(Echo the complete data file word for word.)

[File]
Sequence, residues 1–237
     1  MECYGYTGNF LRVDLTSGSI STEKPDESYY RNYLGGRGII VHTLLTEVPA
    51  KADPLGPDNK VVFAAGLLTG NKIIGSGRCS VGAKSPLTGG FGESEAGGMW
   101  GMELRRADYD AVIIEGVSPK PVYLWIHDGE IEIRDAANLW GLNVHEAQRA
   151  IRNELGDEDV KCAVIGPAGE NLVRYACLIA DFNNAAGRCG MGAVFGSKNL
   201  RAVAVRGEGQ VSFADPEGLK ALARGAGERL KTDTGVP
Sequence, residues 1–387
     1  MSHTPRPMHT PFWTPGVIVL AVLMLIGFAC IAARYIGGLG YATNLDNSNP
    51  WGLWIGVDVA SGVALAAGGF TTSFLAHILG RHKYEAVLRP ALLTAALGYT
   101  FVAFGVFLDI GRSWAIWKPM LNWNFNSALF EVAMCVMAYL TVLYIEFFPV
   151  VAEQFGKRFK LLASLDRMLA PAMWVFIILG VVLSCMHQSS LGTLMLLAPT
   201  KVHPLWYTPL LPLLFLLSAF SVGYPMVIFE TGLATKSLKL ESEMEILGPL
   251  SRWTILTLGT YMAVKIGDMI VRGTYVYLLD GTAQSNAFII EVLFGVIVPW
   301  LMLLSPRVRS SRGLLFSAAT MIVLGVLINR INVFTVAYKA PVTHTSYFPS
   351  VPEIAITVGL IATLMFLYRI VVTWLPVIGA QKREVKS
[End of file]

Sequence, residues 1–237
     1  MECYGYTGNF LRVDLTSGSI STEKPDESYY RNYLGGRGII VHTLLTEVPA
    51  KADPLGPDNK VVFAAGLLTG NKIIGSGRCS VGAKSPLTGG FGESEAGGMW
   101  GMELRRADYD AVIIEGVSPK PVYLWIHDGE IEIRDAANLW GLNVHEAQRA
   151  IRNELGDEDV KCAVIGPAGE NLVRYACLIA DFNNAAGRCG MGAVFGSKNL
   201  RAVAVRGEGQ VSFADPEGLK ALARGAGERL KTDTGVP
Sequence, residues 1–387
     1  MSHTPRPMHT PFWTPGVIVL AVLMLIGFAC IAARYIGGLG YATNLDNSNP
    51  WGLWIGVDVA SGVALAAGGF TTSFLAHILG RHKYEAVLRP ALLTAALGYT
   101  FVAFGVFLDI GRSWAIWKPM LNWNFNSALF EVAMCVMAYL TVLYIEFFPV
   151  VAEQFGKRFK LLASLDRMLA PAMWVFIILG VVLSCMHQSS LGTLMLLAPT
   201  KVHPLWYTPL LPLLFLLSAF SVGYPMVIFE TGLATKSLKL ESEMEILGPL
   251  SRWTILTLGT YMAVKIGDMI VRGTYVYLLD GTAQSNAFII EVLFGVIVPW
   301  LMLLSPRVRS SRGLLFSAAT MIVLGVLINR INVFTVAYKA PVTHTSYFPS
   351  VPEIAITVGL IATLMFLYRI VVTWLPVIGA QKREVKS